A great-grandmother whose home could be lost to coastal erosion before next Christmas has told Sky News she feels neglected and wants more to be done to help her.
Janet Ellis, 67, has seen so much of her cliff-top garden in Skipsea, East Yorkshire, disappear into the sea, she can now feel the force of the waves from her sofa.
"It's getting nearer and nearer and it's getting frightening," she said.
"When the high tide's here it rattles the cliff and it also shakes the house sometimes underneath and you can feel it, so you know the sea is getting nearer."
Her three bedroom bungalow, which she estimates should be worth more than £150,000, is worthless now that the waves are almost at her back door.
As the soft clay cliffs crumble away, Janet and a handful of neighbours will not only be forced out, but will have to pay around £15,000 each to have their homes demolished before they topple into the sea.
"I feel that we're neglected and we should have something done, even if they put boulders down to prevent the cliff [from eroding]," she said.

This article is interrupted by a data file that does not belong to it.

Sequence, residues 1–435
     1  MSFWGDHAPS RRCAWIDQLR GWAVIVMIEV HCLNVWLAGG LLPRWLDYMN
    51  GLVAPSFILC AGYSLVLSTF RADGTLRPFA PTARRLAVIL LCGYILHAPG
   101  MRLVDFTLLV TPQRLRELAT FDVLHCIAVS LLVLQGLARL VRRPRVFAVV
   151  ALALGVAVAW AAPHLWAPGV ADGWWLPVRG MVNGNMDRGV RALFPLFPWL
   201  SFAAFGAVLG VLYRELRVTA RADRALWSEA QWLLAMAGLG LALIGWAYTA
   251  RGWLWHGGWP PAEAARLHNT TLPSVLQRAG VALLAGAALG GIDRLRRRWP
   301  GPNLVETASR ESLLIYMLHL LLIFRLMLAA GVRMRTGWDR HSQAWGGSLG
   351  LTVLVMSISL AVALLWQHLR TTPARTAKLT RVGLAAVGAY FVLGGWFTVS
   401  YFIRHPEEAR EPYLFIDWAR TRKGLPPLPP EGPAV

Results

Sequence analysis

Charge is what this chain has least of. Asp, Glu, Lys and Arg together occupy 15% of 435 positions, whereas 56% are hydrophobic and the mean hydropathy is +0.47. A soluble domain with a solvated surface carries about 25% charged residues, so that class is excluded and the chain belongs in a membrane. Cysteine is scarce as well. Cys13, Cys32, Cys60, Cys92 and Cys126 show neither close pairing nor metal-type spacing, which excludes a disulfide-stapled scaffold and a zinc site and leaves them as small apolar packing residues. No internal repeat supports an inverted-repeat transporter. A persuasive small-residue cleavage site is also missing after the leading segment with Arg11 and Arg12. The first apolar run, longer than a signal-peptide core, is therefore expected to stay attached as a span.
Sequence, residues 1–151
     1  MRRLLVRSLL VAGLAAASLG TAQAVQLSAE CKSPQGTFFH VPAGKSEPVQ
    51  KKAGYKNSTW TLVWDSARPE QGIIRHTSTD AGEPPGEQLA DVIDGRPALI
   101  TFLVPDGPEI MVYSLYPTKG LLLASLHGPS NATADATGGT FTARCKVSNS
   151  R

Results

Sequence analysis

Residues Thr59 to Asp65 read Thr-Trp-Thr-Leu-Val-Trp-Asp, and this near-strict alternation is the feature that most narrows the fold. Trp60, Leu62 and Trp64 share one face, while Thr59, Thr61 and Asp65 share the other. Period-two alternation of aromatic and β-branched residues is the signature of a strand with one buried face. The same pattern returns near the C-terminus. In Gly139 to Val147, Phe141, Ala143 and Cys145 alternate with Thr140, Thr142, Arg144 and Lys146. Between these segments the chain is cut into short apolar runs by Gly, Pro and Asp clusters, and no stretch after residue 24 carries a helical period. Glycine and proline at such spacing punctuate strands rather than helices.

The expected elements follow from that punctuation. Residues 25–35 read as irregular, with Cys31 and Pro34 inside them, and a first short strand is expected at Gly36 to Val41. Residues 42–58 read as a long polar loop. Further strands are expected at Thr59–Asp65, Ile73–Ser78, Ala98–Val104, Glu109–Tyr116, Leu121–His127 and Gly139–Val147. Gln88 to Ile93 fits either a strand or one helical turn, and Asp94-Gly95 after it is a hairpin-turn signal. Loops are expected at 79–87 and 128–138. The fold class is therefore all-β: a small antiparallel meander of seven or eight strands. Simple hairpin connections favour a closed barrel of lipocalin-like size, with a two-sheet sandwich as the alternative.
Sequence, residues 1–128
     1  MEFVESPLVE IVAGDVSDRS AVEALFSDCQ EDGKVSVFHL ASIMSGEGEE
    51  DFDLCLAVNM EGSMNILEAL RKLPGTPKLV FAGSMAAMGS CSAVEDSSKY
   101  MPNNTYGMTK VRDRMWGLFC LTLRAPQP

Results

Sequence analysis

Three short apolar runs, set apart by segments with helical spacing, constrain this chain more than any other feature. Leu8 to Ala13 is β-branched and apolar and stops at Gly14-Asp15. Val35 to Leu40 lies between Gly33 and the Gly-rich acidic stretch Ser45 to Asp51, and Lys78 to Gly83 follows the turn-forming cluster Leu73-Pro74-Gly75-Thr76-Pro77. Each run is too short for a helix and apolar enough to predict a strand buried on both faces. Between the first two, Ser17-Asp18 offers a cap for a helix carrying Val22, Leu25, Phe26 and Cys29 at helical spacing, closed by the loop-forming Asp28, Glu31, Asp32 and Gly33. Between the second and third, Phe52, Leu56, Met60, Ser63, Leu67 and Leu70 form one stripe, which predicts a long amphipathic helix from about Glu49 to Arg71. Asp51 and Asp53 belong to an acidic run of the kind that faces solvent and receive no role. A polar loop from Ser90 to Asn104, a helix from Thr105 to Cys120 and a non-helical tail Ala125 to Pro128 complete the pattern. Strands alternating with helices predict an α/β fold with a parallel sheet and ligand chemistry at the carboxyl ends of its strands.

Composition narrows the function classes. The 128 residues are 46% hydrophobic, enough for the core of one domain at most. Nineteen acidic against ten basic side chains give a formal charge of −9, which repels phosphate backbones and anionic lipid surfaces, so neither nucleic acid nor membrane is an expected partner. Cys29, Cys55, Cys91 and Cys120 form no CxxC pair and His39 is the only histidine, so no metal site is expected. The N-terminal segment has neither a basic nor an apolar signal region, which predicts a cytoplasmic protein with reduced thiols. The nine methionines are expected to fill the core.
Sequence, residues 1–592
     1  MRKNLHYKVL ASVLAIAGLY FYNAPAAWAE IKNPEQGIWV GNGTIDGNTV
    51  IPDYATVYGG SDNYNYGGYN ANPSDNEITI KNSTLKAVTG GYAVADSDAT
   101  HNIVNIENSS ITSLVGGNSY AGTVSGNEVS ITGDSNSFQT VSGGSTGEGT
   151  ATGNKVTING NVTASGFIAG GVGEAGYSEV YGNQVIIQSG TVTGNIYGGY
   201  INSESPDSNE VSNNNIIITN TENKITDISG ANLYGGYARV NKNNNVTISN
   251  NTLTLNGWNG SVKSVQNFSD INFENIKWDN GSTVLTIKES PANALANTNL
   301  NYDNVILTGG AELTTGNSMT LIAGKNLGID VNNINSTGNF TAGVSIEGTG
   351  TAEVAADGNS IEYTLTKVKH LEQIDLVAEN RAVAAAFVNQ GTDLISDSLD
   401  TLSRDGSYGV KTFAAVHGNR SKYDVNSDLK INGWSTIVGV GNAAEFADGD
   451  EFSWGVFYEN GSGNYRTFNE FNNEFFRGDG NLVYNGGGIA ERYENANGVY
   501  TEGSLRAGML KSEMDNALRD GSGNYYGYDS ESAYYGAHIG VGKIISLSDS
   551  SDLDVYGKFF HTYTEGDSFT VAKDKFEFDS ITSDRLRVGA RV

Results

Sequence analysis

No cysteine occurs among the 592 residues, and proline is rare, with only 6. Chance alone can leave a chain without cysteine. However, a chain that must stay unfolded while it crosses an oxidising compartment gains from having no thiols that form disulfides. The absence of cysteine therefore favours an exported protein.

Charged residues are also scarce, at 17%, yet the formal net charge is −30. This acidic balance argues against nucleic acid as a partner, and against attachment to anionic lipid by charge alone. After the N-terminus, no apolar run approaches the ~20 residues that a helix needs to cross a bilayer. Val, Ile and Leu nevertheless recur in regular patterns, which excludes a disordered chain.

But Councillor Jane Evison from East Riding of Yorkshire Council told Sky News that holding back the sea from the isolated cliff top community is not an option.
"The Government says we can't protect the coastline, and we have to accept that argument and move on from that," she said.
The council has already spent most of a £1.2m 'Pathfinder' grant from Defra and is now calling for a national coastal erosion policy and specific funding to help people demolish their homes and move elsewhere.
"We're not asking for lots of money, we're not being unreasonable, but we would like a pot of money that we could bid for that would enable us to continue to manage the effects of erosion," said Cllr Evison.
"You can't turn your back on people that through no fault of their own are losing their homes - they are in a desperate situation."
Cllr Evison says they have already rehoused a number of people from cliff-top homes, and expect more will go to the top of the council house waiting list as houses are demolished and their occupants become homeless.
A spokeswoman from Defra said grants of up to £6,000 per property are available, but that no further funding was envisaged.
Janet Ellis says she is looking forward to Christmas at home with her children, grandchildren and great grandchildren, but doesn't like to think about the future.
"This is my home and I don't want to lose it," she said. "I just thought they'd do something [about the erosion] to keep my home so I can pass it onto my children, that's what I want. Someone should help us."